Which, nothing says you have important things to do like the Hulk Hogan Casio. And since then I’ve used them as a way to communicate things about characters that I’ve played. In some cases, they’ve kind of become characters of their own in the films. But it wasn’t until I did this film, First Man, where I started to see them differently, because when I would visit NASA, the term “built like a Swiss watch” was used often in relation to their spacecrafts. It felt like that was the gold standard for design and of mechanical artistry. And I just started to appreciate them in a way that I never did before.
You were eventually like, “What the hell does that mean?”
Yeah, and then I think even I found out that John Glenn brought a Tag stopwatch on one of the Mercury missions because he didn’t trust any other brand. It was there just in case everything else failed.So it just started to make me look at them beyond the surface level.
Did that get you down the rabbit hole of different complications and stuff like that?
I don’t think I’m there yet. I’m interested, though, so if there’s anything you want to steer me towards, I’m open.
Just keep it simple.
I generally respond to the simple.
What sort of watches have you gravitated towards from Tag, and why?
I mean, the Monaco’s kind of hard to, uh, miss. It’s so unique. I remember seeing it in Le Mans and just feeling like it’s obviously very special. But I think the Carrera, for me, is just what I respond to.
And you really like vintage watches, too. What is it about vintage that you’re really drawn to?
I feel like what’s cool is you could put this in any situation and any time period over the last century and it probably still would’ve been cool. So, for myself anyway, I’d rather have something that I could just wear in any situation and not have to think too much about it.
You mentioned that sometimes watches can define or say something about a character in a movie. In this movie The Gray Man you have coming out, all the characters wear Tag Heuer. So what about those watches was right for those characters?
Well, the character has to be able to kind of go into many different kinds of situations and assume different personas and blend in and also is involved in so many extreme action moments. So the watch had to be able to work in all those different scenarios and also be able to be resilient enough to believably take all of the extreme situations it was in. I mean, we really beat the hell out of it and it just kept going.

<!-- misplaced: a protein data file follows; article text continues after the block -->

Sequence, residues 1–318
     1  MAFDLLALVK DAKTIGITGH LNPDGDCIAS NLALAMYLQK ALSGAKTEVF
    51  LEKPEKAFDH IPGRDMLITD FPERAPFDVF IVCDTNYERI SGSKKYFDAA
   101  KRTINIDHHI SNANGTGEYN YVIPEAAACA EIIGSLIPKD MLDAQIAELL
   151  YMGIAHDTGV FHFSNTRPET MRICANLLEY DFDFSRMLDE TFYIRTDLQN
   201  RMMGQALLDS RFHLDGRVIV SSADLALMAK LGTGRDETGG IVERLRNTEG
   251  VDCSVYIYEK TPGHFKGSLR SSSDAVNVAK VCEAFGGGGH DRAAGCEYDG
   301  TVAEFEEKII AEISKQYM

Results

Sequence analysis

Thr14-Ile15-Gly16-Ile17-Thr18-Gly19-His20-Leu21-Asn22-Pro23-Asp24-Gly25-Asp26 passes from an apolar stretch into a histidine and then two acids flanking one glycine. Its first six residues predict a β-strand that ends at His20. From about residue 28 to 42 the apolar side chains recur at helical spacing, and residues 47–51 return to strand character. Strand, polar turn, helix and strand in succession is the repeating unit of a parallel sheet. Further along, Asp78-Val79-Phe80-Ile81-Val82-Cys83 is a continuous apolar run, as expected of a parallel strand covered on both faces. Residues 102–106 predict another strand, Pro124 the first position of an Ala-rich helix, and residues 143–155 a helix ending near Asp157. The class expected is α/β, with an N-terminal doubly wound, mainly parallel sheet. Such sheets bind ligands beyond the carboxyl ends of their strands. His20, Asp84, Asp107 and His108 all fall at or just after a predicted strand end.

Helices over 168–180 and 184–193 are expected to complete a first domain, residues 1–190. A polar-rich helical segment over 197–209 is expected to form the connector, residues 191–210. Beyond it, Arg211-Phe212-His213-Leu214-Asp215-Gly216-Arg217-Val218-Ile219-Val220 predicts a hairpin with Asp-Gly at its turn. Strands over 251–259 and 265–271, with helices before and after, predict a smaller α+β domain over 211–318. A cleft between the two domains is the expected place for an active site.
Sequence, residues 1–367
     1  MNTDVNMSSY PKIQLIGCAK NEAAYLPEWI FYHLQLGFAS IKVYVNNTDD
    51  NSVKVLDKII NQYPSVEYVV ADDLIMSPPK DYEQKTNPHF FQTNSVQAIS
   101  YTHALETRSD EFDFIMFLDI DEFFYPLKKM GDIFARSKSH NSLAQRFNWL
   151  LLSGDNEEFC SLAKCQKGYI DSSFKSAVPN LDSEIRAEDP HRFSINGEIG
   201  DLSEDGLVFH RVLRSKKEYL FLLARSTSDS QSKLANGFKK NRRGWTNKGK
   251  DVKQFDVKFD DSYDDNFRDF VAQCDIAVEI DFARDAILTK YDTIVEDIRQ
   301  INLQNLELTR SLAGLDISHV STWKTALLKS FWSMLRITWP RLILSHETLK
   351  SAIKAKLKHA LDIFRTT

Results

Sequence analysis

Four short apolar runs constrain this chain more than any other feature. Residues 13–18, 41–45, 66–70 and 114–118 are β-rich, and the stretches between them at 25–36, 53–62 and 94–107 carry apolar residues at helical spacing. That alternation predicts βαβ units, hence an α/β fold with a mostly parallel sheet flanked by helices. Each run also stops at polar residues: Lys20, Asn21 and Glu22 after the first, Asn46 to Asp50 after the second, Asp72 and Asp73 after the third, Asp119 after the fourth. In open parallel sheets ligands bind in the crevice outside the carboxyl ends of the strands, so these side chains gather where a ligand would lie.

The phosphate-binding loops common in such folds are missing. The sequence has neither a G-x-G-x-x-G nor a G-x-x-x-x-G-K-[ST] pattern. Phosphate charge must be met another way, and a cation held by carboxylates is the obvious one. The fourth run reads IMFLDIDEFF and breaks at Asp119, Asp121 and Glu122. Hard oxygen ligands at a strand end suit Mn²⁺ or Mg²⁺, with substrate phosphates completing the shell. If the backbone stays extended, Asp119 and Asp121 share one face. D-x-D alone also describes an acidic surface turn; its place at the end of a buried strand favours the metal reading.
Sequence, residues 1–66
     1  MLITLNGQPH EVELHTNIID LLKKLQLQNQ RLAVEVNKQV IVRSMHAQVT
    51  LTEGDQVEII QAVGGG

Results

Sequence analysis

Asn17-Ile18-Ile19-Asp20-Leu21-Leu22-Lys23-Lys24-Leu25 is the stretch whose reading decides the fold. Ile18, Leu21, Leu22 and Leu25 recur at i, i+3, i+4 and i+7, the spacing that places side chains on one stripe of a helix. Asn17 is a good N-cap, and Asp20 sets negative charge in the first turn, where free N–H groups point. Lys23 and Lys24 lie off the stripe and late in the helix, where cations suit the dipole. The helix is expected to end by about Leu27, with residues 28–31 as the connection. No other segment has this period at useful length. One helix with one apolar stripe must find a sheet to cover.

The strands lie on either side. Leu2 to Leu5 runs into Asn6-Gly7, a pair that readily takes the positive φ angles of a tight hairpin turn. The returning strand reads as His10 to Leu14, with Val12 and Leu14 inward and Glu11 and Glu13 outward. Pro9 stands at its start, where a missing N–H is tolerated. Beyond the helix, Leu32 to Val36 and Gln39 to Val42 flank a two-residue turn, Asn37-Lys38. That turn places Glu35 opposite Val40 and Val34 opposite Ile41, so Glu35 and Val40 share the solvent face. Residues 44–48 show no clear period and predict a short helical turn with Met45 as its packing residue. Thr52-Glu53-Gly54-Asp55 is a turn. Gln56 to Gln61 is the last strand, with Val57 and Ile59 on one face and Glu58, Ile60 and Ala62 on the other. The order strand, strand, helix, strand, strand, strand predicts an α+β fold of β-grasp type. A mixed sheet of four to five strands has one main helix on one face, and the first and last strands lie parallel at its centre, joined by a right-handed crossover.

That’s cool. And Tag Heuer has a nice history of representing different characters. Steve McQueen chose the Monaco in Le Mans because that’s the brand a real-life driver would have worn.
Yeah, and in Drive, I had this thought that the character wouldn’t trust the timepiece in whatever burner car he was using. So he would fix his watch to the steering wheel. And I wanted it to be really simple and legible so that it was not only clear for the camera, but clear for the character exactly how much time he had.
And partly because of Drive, Tag is referring to you as the heir apparent to Steve McQueen. What do you think when you hear that?
I don’t know much about Steve McQueen. I mean, I know a little of his work. And obviously I know of his connection to racing, so I see why he was a perfect fit. I also think there’s something about watches that are… whatever history they come with, they’re always present. They’re always just in the moment. And I think that’s something McQueen possessed as an actor. He was a very in-the-moment kind of actor.
Well, let’s pivot from watches for one second. You fly very under the radar. I wonder how has the past year and a half been for you in the pandemic? Picked up any hobbies? Are you making sourdough or anything?
No, no sourdough. Our kids are young, so it was a tough time for them to be separated from other kids and not being able to see family and whatnot. So, we did our best to entertain them. I think Eva and I did more acting in quarantine than we have in our whole careers.
Really dramatic bedtime stories with the voices and all that?
Yeah, we spent a lot of our time just doing that.